On the morning of Tuesday 4th September 2018, the high density suburbs of Harare in Zimbabwe, were hit by a cholera outbreak. The Government of Zimbabwe has since declared the epidemic a state of emergency after cholera and typhoid spread fast killing 28 people in 2 weeks and infecting over 7,000.
Harare high-density suburbs have poor water access, poorly maintained drains and lack a proper sewage disposal. The situation is compounded by the fact that there is uncollected garbage and unsafe hygiene practices which continue to spread the disease. Zimbabwe’s Cholera epidemic has resulted in increased morbidity and mortality as its central and local government are short of funds to procure medication.
World Health Organization has also reported that the strain has proven to be resistant to the first line of antibiotics, further compounding the problem.
As a measure to access clean water, residents have dug shallow water wells and boreholes that unfortunately seem to also contain cholera.
As a result of the epidemic, there has been migration of people to the province of Manicaland and Masvingo where cholera cases are now being reported. To curb the spread, Zimbabwe government has set aside treatment centres as they seek to quarantine infected persons.
In 2008, Cholera occurred in Zimbabwe killing more than 4,000 people as reaction to curb the epidemic was slow.
The most urgent humanitarian needs are access to safe water, basic health services and properly maintained drains and sewage disposal.
The World Health Organisation, UNICEF and Oxfam are responding by providing basic health services and medication.
In collaboration with relevant stakeholders, Zimbabwe ACT forum has identified access to safe water as a gap. In addition, they intend to provide hand sanitisers, conduct water purification, plan to mobilize affected communities to clear garbage while providing information on preventing and managing cholera.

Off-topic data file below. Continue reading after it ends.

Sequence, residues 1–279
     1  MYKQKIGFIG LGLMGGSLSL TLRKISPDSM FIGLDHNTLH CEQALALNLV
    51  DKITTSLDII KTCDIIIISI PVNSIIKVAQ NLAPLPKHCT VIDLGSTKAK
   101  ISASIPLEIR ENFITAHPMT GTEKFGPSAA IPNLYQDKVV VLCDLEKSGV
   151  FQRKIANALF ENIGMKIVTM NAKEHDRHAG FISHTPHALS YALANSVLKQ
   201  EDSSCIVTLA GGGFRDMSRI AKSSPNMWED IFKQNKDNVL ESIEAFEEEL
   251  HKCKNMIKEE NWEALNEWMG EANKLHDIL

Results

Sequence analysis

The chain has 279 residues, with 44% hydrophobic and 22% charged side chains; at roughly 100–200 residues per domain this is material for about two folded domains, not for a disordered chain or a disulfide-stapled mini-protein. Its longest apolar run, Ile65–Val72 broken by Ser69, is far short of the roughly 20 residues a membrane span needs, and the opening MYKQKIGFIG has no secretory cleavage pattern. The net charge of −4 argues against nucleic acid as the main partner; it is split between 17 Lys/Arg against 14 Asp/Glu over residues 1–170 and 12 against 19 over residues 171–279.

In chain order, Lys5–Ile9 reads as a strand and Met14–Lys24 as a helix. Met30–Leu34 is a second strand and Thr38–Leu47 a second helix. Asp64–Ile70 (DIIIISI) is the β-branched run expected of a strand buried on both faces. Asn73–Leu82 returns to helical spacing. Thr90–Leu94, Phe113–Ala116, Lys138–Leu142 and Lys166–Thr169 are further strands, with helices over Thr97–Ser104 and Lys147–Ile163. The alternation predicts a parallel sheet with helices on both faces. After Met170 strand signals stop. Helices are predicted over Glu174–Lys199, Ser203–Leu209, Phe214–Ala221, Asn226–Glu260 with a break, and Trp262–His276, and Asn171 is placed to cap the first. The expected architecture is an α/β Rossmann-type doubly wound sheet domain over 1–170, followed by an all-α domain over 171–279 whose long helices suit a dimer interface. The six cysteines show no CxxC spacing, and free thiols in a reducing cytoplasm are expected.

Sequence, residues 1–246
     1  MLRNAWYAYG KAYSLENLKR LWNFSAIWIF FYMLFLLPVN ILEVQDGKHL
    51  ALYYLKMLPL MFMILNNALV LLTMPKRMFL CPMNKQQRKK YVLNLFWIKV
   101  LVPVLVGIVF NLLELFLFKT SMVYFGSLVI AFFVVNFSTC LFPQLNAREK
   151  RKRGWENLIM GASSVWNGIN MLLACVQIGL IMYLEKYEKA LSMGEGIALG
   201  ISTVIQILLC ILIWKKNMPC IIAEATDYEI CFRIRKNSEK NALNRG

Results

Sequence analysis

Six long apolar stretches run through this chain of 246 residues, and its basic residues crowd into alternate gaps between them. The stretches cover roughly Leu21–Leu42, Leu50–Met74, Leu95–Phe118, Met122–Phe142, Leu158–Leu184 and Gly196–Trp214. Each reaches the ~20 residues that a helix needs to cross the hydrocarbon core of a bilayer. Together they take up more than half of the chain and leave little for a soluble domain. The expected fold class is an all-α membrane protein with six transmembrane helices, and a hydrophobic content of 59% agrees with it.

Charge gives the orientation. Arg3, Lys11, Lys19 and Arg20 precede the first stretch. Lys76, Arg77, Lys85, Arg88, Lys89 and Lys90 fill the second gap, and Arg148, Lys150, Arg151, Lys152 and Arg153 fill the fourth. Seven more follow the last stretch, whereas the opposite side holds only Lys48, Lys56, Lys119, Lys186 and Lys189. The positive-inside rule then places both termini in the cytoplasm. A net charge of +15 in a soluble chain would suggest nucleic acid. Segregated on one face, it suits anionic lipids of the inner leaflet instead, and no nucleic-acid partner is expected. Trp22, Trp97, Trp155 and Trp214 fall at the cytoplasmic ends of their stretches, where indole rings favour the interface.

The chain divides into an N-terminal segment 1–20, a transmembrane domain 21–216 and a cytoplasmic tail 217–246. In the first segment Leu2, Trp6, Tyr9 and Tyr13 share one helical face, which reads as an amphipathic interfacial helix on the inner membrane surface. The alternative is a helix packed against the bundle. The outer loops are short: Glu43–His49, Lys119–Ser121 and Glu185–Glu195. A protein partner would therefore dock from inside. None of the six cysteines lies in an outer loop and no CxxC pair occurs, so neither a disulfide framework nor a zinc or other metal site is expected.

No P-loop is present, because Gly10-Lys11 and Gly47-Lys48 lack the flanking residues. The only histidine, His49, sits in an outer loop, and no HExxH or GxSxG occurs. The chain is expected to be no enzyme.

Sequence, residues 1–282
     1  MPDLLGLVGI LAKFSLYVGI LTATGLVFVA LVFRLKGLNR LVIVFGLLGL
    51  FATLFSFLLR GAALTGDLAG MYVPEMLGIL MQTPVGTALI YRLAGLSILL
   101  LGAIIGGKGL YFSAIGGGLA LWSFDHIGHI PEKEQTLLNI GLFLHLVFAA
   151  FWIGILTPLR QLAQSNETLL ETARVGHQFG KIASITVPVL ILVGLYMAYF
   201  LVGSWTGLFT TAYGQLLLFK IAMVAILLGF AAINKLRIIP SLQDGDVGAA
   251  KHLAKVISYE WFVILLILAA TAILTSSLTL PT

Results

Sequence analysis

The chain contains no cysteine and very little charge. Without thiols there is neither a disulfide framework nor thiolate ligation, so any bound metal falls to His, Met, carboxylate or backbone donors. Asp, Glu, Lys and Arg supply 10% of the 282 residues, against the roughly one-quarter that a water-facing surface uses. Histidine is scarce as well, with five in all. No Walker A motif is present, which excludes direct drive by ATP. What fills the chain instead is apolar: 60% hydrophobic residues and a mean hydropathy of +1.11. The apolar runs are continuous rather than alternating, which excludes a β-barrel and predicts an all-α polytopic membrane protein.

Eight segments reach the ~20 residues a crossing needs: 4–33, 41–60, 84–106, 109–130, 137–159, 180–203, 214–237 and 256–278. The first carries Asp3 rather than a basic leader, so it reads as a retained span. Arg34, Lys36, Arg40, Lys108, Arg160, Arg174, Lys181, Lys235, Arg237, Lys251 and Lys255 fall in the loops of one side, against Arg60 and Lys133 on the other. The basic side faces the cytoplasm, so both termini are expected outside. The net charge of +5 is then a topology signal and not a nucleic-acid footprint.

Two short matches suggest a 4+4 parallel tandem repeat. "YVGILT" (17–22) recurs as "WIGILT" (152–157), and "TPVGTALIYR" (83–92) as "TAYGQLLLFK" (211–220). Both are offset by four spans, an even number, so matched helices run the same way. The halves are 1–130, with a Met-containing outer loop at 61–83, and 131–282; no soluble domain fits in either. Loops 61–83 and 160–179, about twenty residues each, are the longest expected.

The Methodist Development and Relief Agency (MEDRA) have submitted a Rapid Respond Fund (RRF) proposal. MEDRA will lead the response with support from Zimbabwe Council of Churches (ZCC) and Lutheran Development Service (LDS) who will assist in mobilizing communities and distribute education materials and non-food items. The two organizations (ZCC & LDS) will use their local community structures to reach intended beneficiaries.
The requesting member, MeDRA has been involved in health and hygiene intervention for more than 8 years. It works with more than 24 community health clubs in 2 districts on personal and environmental hygiene and water/food handling. During the epidemic in 2008, MeDRA partnered with the local city council and responded by distributing non-food items and conducting clean up campaigns.
MeDRA will be supported to identify the most affected by Zimbabwe ACT members present in affected communities.
ACT Zimbabwe Forum will be kept informed of the project during Forum meetings by Zimbabwe ACT Forum Coordinator. The project will run for 3 months (September-December 2018) in the sectors of education, WASH and Protection/Psycho social support.
At least 70,000 beneficiaries will be targeted including school children (from 30 schools) and affected households (350) located within affected suburbs in Harare including Glen View, Budiriro, Mufakose, Gweru (Mkoba) and Masvingo (Mucheke).